In addition, Michaela Binder led the Amara West Bioarchaeology Field School over a number of years. This program, rooted within the Amara West research project focuses on providing training in bioarchaeology for Sudanese archaeologists and includes training in analytical techniques as well as field work in the cemeteries of Amara West. In July 2013, a 3-day conference “Nubia in the New Kingdom” was held in the British Museum. Several members of the project including Michaela Binder gave presentations on recent outcomes of their research.


  • Leverhulme Trust (British Museum) – PI Neal Spencer; Charlotte Roberts was Co-Investigator
  • Institute of Bioarchaeology

Project Partners

  • British Museum, London

Key publications

  • Binder M, Spencer N. 2014 The bioarchaeology of Amara West in Nubia: Investigating the impacts of political, cultural and environmental change on health and diet, in: Fletcher, A., Antoine, D., Hill, J.D. (Eds.), Regarding the Dead. Research Publication 187. British Museum Press, London, 123-136
  • Binder M, Roberts CA, Spencer N 2014 On the antiquity of cancer – evidence for metastatic carcinoma in a young man from Ancient Nubia (c. 1200BC). PLOS ONE DOI:10.1371/journal pone.0090924
  • Binder M, Roberts CA 2014 Calcified structures associated with human skeletal remains: Possible atherosclerosis affecting the population buried at Amara West, Sudan (1300–800 BC). Int J Paleopathology 6:20-29
  • Ryan P, Cartwright C, Spencer N. 2012. Archaeobotanical research in a pharaonic town in ancient Nubia. The British Museum Technical Research Bulletin 6, 97-107.
  • Spencer N. 2012. Insights into Life in occupied Kush during the New Kingdom: New Research at Amara West. Der Antike Sudan 23, 21-28.
  • Spencer N, Macklin MG, Woodward JC. 2012. Reassessing the abandonment of Amara West: the impact of a changing Nile? Sudan & Nubia 16, 37-43.
  • Binder M. 2011. The 10th-9th century BC - New Evidence from Cemetery C of Amara West. Sudan & Nubia 15, 39-53.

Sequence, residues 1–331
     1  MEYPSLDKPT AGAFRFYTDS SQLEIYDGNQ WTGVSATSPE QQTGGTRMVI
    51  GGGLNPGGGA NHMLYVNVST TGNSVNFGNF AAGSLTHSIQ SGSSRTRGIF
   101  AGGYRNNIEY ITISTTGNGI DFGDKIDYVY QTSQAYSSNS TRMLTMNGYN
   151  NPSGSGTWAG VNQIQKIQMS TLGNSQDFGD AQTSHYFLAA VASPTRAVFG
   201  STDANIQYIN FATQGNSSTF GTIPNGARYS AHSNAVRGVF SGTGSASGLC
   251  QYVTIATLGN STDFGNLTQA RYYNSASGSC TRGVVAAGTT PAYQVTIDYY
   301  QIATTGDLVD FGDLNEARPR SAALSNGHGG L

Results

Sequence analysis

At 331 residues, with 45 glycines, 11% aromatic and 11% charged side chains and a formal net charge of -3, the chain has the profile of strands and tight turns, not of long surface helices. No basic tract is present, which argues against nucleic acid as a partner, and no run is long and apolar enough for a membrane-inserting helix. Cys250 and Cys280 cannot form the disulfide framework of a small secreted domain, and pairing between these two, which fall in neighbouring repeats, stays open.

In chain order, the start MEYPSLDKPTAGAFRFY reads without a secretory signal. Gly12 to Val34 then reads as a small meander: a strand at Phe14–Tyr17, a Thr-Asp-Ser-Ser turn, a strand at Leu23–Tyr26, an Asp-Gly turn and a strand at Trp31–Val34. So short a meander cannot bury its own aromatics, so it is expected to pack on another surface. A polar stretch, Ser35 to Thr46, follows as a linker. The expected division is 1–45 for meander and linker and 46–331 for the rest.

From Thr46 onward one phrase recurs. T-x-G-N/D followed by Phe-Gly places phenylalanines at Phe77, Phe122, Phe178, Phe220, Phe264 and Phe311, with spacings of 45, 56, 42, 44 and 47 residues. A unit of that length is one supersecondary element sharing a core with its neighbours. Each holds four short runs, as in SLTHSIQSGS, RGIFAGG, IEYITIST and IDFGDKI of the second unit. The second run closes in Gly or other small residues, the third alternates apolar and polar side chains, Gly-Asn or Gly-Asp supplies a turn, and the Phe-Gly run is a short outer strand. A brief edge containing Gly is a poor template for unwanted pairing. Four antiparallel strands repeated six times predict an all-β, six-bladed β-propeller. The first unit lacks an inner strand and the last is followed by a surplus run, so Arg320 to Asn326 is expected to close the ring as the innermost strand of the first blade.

• Binder M, Spencer N, Millet M. 2010. Cemetery D at Amara West: the Ramesside Period and its aftermath. Sudan & Nubia 14, 25–44.

In press

  • Binder M. Cultural traditions and transitions during the New Kingdom colonial period and its aftermath – Recent discoveries from the cemeteries of Amara West. in: Welsby, D., Anderson, J.R. (Eds.), Proceedings of the 12th International Conference for Nubian Studies. OLA, Leuven.
  • Spencer, N. Amara West: considerations on urban life in occupied Kush, in: Welsby, D., Anderson, J.R. (Eds.), Proceedings of the 12th International Conference for Nubian Studies. OLA, Leuven.

PhD students

  • Michaela Binder (2014)

Associated activity

  • Thames Valley Ancient Egypt Society. Reading, 2013: Fundraising Study Day: Amara West: investigating life and death in ancient Nubia (Binder)
  • North East Ancient Egypt Society. Newcastle, 2012: Study Day “Ancient Egypt and Nubia”. The Human Remains at Amara West (Binder)
  • Wolfson Institute for Health and Wellbeing Research Podcasts: Amara West: health and diet in ancient Nubia through climate and political change (Binder)
  • Sudan Archaeological Society. British Council, Khartoum. 2011. Lecture: Recent fieldwork at Amara West (Binder)

  Photograph of archaeological remains in the desert